Changing your spray paint booth’s exhaust filters can be both costly and time-consuming for high-production industrial manufacturers and aircraft finishers.
A water wash booth eliminates that problem by using recirculating water instead of filters to constantly collect and remove paint particulate from the air. Using water to capture and remove particulate results in a cleaner painting environment with increased productivity and improved working conditions. This is especially beneficial for high-volume applications and in spray paint booths with robots or conveyorized systems, as production does not need to be stopped to replace filters.
“You need a different type of solution — something that will hold more paint and not slow you down,” said Geoff Raifsnider, a senior mechanical engineer for Global Finishing Solutions (GFS).
Water wash booths are similar to Dry Filter Paint Booths, which offer finishers a safe, economic solution for painting products. However, they use water instead of exhaust filters for paint particulate capture. While the upfront cost of water wash booths may be more than Dry Filter Booths, they could be cheaper in the long run because filters are not needed and not having to change filters avoids production interruptions.
Two types of water wash booths from GFS are ideal when using large quantities of coatings:
EnviroTect Water Wash Booths
With an EnviroTect Water Wash Booth, the airflow through the EnviroTect spray nozzles — whether in a crossdraft, downdraft or side downdraft spray booth — provides paint particulate capture and cleaning action. Interior surfaces are wetted to eliminate paint overspray build-up, reducing booth cleaning and capturing the paint within the eliminator for removal.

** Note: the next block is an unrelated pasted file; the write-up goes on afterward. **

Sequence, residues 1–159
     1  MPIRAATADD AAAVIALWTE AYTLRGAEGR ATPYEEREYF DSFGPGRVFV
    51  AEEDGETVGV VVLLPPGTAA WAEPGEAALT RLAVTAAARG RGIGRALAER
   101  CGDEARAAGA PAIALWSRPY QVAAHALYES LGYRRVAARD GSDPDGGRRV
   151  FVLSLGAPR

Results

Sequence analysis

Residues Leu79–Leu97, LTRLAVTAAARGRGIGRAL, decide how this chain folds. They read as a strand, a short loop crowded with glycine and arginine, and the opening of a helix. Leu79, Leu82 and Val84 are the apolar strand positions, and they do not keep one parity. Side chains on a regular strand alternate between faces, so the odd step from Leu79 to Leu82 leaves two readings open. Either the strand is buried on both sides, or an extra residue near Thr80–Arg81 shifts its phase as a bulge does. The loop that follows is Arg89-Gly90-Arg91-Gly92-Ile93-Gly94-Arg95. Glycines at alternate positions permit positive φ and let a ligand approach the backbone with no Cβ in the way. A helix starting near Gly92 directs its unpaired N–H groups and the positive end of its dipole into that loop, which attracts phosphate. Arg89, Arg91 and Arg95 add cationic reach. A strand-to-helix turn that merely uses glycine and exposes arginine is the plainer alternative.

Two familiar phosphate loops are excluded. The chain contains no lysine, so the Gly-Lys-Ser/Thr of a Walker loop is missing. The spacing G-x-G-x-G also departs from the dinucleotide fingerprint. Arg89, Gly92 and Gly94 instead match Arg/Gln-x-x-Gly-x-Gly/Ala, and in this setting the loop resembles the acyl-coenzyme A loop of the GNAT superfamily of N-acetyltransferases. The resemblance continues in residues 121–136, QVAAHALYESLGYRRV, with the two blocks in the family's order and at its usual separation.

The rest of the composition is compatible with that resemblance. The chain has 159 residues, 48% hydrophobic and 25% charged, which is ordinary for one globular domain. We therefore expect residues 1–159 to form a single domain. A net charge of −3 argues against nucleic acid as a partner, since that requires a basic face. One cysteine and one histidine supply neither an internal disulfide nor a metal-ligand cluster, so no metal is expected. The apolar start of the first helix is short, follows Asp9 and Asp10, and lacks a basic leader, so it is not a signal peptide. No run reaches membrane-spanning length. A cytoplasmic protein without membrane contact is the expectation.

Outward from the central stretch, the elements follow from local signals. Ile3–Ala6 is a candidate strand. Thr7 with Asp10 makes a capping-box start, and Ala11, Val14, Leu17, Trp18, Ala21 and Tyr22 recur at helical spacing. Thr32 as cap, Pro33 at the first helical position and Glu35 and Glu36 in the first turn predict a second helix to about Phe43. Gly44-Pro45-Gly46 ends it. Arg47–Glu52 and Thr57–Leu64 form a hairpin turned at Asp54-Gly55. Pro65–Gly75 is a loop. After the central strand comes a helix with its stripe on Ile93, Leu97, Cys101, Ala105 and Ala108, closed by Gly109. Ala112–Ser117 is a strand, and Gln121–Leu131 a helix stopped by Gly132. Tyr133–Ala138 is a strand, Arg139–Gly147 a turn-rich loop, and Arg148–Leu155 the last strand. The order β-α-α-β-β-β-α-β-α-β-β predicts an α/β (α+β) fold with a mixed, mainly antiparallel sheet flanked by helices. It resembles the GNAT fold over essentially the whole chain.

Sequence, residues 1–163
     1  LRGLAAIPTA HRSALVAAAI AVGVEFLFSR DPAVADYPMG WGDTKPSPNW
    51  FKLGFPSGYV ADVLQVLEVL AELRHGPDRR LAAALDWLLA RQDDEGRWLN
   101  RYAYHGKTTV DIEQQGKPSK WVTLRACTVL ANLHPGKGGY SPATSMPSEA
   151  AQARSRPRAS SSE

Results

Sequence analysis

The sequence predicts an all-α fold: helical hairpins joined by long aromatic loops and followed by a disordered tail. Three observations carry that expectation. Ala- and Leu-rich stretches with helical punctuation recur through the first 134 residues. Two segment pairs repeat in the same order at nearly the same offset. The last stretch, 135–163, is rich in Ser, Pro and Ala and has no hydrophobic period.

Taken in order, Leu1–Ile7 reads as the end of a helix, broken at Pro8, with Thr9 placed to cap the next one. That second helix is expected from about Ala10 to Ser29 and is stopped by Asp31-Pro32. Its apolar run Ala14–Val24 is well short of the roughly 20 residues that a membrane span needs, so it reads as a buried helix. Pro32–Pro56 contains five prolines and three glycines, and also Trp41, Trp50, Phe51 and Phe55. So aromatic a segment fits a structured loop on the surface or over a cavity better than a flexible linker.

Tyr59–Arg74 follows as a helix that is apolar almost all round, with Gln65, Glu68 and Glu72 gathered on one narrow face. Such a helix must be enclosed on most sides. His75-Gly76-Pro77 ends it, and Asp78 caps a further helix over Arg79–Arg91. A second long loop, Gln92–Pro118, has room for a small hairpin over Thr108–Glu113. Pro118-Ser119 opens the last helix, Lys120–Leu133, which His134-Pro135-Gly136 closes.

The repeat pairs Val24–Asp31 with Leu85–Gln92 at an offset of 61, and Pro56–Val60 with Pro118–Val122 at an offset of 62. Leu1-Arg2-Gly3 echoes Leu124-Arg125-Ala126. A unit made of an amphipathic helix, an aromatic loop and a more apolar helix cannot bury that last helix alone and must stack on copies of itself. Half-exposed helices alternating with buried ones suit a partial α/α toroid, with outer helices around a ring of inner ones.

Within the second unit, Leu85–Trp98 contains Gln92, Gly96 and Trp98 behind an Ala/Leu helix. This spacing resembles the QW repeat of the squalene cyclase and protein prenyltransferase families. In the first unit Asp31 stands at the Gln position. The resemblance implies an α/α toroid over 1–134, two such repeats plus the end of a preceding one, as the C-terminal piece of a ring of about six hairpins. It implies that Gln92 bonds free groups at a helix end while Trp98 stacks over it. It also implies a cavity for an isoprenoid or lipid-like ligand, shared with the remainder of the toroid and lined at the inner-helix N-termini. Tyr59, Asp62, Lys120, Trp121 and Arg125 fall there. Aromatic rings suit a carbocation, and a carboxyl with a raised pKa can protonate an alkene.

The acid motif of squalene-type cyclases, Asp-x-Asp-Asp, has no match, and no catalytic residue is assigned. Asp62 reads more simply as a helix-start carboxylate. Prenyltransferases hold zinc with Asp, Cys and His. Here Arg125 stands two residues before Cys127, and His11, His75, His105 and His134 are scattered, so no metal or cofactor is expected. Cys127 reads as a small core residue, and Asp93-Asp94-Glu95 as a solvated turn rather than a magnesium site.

When overspray enters the water, it can float, sink or stay suspended, and the waste must be removed in different ways, depending on the type of material. If the waste floats, a skimmer is used to remove it; if the waste is in suspension, it is pumped to a centrifuge, where solids are collected and liquids are returned; if the waste sinks, the sludge must be shoveled out of the tank.
“The customer needs to work with a chemical supplier for their specific paint to determine the best way to treat the paint for removal,” Raifsnider said. “How often you have to remove the excess paint depends on how often you paint. It could be once every couple of days or once a week or even once a month. Airflow speeds and paint gun settings also can affect the amount of particulate that ends up in the water.”
Dynaprecipitor Water Wash Booths
Best suited for crossdraft airflow, the Dynaprecipitor Water Wash Booth draws air through a continuous scrubber section that runs the width of the booth. In addition, the design features a fully wetted wall to provide additional particulate capture.
In both the EnviroTect and Dynaprecipitor Water Wash Booths, the air reaching the exhaust stack is virtually free of airborne particles, keeping the stack area cleaner longer. The hazards associated with paints containing nitrocellulose — typically found in lacquers and stains — is also minimized.
“Overspray of coatings containing nitrocellulose can spontaneously ignite,” Raifsnider said. “With a water wash booth, you are dousing the material in water, so you are taking that risk away.”